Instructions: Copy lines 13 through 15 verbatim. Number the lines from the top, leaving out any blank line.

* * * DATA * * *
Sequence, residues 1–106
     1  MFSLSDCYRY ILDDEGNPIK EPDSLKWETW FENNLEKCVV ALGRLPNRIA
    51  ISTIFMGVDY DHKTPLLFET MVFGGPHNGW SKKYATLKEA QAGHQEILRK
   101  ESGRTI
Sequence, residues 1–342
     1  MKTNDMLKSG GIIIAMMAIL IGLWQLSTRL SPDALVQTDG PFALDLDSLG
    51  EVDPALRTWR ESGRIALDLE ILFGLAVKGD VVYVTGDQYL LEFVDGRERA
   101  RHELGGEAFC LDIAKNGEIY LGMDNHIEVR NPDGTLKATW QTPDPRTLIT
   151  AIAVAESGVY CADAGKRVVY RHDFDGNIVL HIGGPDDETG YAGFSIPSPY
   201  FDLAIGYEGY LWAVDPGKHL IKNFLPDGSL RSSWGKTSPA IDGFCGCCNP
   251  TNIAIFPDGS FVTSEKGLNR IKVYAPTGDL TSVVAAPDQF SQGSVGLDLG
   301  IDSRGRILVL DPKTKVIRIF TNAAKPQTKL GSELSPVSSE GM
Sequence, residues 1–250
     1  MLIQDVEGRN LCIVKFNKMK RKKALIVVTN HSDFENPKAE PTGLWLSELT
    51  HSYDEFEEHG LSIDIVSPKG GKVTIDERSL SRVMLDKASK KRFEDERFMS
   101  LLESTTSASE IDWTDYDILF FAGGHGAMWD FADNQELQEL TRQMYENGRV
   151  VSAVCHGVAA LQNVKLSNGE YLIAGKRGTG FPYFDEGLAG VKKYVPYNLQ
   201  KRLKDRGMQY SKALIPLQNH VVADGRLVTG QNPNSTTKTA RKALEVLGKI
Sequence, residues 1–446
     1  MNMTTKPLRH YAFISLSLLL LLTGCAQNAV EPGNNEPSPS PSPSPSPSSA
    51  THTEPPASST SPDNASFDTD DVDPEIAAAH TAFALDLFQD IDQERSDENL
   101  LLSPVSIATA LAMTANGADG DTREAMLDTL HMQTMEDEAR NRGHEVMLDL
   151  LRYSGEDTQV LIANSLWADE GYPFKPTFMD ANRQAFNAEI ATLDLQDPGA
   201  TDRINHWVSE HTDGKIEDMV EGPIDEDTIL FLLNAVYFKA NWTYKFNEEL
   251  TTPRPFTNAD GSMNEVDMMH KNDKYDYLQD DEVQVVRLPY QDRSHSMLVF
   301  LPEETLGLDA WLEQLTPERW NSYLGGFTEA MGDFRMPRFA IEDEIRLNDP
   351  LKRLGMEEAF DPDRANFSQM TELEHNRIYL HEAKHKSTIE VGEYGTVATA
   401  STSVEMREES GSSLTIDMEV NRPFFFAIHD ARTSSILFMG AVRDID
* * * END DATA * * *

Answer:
Sequence, residues 1–250
     1  MLIQDVEGRN LCIVKFNKMK RKKALIVVTN HSDFENPKAE PTGLWLSELT
    51  HSYDEFEEHG LSIDIVSPKG GKVTIDERSL SRVMLDKASK KRFEDERFMS